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PASSWD(5)			 File formats			     PASSWD(5)

NAME
       passwd -	password file

DESCRIPTION
       Passwd  is  a text file,	that contains a	list of	the system's accounts,
       giving for each account some useful information like user ID, group ID,
       home  directory,	 shell,	 etc.	Often,	it also	contains the encrypted
       passwords for each account.  It should  have  general  read  permission
       (many  utilities, like ls(1) use	it to map user IDs to user names), but
       write access only for the superuser.

       In the good old days there was no great problem with this general  read
       permission.   Everybody	could  read  the  encrypted passwords, but the
       hardware	was too	slow to	crack a	well-chosen  password,	and  moreover,
       the  basic  assumption  used  to	 be that of a friendly user-community.
       These days many people run some version of the shadow  password	suite,
       where  /etc/passwd  has	*'s  instead  of  encrypted passwords, and the
       encrypted passwords are in /etc/shadow which is readable	by  the	 supe-
       ruser only.

       Regardless  of  whether shadow passwords	are used, many sysadmins use a
       star in the encrypted password field to make sure that  this  user  can
       not  authenticate  him- or herself using	a password. (But see the Notes
       below.)

       If you create a new login, first	put a star in the password field, then
       use passwd(1) to	set it.

       There is	one entry per line, and	each line has the format:

	      account:password:UID:GID:GECOS:directory:shell

       The field descriptions are:

	      account	the  name  of  the  user on the	system.	 It should not
			contain	capital	letters.

	      password	the encrypted user password or a star.

	      UID	the numerical user ID.

	      GID	the numerical primary group ID for this	user.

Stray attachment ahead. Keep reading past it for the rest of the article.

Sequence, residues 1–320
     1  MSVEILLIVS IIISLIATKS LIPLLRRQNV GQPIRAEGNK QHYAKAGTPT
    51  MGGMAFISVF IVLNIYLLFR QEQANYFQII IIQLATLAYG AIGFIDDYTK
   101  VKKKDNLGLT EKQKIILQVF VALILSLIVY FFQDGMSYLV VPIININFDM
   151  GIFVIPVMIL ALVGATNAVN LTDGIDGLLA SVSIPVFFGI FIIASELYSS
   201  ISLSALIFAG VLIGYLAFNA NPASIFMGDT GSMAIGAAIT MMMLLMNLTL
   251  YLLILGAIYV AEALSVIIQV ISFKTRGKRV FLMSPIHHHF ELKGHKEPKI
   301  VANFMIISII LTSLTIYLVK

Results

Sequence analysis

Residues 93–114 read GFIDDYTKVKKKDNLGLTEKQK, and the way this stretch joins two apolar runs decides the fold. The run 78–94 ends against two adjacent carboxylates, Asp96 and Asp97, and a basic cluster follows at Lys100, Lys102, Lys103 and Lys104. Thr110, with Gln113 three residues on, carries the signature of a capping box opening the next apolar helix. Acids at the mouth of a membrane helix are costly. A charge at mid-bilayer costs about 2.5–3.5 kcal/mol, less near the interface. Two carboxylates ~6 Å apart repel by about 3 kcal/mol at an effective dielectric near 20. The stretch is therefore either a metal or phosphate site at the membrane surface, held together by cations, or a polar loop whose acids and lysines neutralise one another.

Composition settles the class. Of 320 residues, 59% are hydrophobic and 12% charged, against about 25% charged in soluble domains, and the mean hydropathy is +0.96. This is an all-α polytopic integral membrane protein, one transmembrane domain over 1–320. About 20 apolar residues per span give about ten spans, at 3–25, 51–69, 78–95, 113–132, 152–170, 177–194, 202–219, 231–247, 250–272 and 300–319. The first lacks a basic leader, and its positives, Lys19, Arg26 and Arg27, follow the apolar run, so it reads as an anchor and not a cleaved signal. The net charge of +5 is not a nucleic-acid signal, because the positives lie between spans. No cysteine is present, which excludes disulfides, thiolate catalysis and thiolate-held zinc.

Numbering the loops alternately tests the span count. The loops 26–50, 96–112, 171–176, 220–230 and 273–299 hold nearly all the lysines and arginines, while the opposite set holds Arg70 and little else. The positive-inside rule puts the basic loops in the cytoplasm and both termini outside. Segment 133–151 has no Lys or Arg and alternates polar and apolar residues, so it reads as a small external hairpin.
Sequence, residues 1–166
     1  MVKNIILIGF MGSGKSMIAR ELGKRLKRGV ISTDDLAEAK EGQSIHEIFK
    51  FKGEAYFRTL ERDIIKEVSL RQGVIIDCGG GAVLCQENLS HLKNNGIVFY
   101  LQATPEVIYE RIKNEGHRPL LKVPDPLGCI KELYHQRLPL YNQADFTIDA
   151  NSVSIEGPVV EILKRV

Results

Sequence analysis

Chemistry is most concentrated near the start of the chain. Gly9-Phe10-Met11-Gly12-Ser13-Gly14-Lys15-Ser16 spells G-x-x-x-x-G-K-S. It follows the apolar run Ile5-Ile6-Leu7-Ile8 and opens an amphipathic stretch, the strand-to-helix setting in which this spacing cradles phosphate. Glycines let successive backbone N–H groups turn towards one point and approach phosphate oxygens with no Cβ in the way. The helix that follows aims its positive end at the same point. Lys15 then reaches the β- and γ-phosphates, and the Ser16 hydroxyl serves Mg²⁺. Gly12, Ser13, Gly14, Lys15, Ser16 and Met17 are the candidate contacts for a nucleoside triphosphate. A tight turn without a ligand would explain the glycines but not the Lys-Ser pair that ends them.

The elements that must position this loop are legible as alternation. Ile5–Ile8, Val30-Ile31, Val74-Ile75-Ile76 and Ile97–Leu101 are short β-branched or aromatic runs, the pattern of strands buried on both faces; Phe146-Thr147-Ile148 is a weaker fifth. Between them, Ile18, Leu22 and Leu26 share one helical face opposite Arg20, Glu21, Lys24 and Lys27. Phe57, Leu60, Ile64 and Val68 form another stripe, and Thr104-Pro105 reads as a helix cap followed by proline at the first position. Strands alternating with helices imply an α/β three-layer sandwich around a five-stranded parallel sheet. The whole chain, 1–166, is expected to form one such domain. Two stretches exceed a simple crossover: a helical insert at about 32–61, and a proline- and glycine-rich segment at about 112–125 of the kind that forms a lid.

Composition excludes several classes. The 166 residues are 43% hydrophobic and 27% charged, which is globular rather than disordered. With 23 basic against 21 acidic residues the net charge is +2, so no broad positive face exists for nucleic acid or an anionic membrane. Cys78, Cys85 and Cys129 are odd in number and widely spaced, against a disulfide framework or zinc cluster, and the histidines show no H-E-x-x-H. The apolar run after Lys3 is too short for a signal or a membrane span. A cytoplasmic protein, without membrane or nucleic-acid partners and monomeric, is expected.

GECOS	This field is optional and only	used for informational
			purposes.   Usually,  it  contains the full user name.
			GECOS means General Electric  Comprehensive  Operating
			System,	which has been renamed to GCOS when GE's large
			systems	 division  was	sold  to  Honeywell.	Dennis
			Ritchie	 has reported: "Sometimes we sent printer out-
			put or batch jobs to the GCOS machine.	The gcos field
			in the password	file was a place to stash the informa-
			tion for the $IDENTcard.  Not elegant."

	      directory	the user's $HOME directory.

	      shell	the program to run at login (if	empty,	use  /bin/sh).
			If  set	to a non-existing executable, the user will be
			unable to login	through	login(1).

NOTE
       If you want to create user groups, their	GIDs must be equal  and	 there
       must be an entry	in /etc/group, or no group will	exist.

       If  the encrypted password is set to a star, the	user will be unable to
       login using login(1), but may still login using rlogin(1), run existing
       processes and initiate new ones through rsh(1), cron(1),	at(1), or mail
       filters,	etc.  Trying to	lock an	account	by simply changing  the	 shell
       field  yields the same result and additionally allows the use of	su(1).

FILES
       /etc/passwd

SEE ALSO
       passwd(1), login(1), su(1), group(5), shadow(5)

				  1998-01-05			     PASSWD(5)

NAME | DESCRIPTION | NOTE | FILES | SEE ALSO

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